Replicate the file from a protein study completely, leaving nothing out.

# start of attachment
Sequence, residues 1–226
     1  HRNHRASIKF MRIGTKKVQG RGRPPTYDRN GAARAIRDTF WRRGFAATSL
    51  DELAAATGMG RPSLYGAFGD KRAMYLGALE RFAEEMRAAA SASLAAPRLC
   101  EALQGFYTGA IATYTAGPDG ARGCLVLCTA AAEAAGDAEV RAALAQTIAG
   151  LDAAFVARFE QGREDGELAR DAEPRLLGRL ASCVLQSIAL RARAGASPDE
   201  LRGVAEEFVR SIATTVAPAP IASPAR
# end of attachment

Sequence, residues 1–226
     1  HRNHRASIKF MRIGTKKVQG RGRPPTYDRN GAARAIRDTF WRRGFAATSL
    51  DELAAATGMG RPSLYGAFGD KRAMYLGALE RFAEEMRAAA SASLAAPRLC
   101  EALQGFYTGA IATYTAGPDG ARGCLVLCTA AAEAAGDAEV RAALAQTIAG
   151  LDAAFVARFE QGREDGELAR DAEPRLLGRL ASCVLQSIAL RARAGASPDE
   201  LRGVAEEFVR SIATTVAPAP IASPAR